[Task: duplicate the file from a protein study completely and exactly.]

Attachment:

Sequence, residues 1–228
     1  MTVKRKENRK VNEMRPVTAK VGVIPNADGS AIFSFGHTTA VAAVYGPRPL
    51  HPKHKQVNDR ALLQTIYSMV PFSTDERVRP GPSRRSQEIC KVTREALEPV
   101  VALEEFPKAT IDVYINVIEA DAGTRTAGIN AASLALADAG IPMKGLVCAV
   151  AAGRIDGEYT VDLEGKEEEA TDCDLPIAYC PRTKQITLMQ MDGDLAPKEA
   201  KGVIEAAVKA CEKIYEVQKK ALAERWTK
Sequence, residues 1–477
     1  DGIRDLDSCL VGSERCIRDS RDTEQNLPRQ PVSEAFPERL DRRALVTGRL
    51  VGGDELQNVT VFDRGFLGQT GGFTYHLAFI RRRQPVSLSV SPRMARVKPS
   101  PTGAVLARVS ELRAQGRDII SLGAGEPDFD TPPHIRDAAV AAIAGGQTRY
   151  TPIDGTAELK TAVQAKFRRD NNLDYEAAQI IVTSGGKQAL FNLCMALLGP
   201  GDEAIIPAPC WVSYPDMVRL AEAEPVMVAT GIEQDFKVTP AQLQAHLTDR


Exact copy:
Sequence, residues 1–228
     1  MTVKRKENRK VNEMRPVTAK VGVIPNADGS AIFSFGHTTA VAAVYGPRPL
    51  HPKHKQVNDR ALLQTIYSMV PFSTDERVRP GPSRRSQEIC KVTREALEPV
   101  VALEEFPKAT IDVYINVIEA DAGTRTAGIN AASLALADAG IPMKGLVCAV
   151  AAGRIDGEYT VDLEGKEEEA TDCDLPIAYC PRTKQITLMQ MDGDLAPKEA
   201  KGVIEAAVKA CEKIYEVQKK ALAERWTK
Sequence, residues 1–477
     1  DGIRDLDSCL VGSERCIRDS RDTEQNLPRQ PVSEAFPERL DRRALVTGRL
    51  VGGDELQNVT VFDRGFLGQT GGFTYHLAFI RRRQPVSLSV SPRMARVKPS
   101  PTGAVLARVS ELRAQGRDII SLGAGEPDFD TPPHIRDAAV AAIAGGQTRY
   151  TPIDGTAELK TAVQAKFRRD NNLDYEAAQI IVTSGGKQAL FNLCMALLGP
   201  GDEAIIPAPC WVSYPDMVRL AEAEPVMVAT GIEQDFKVTP AQLQAHLTDR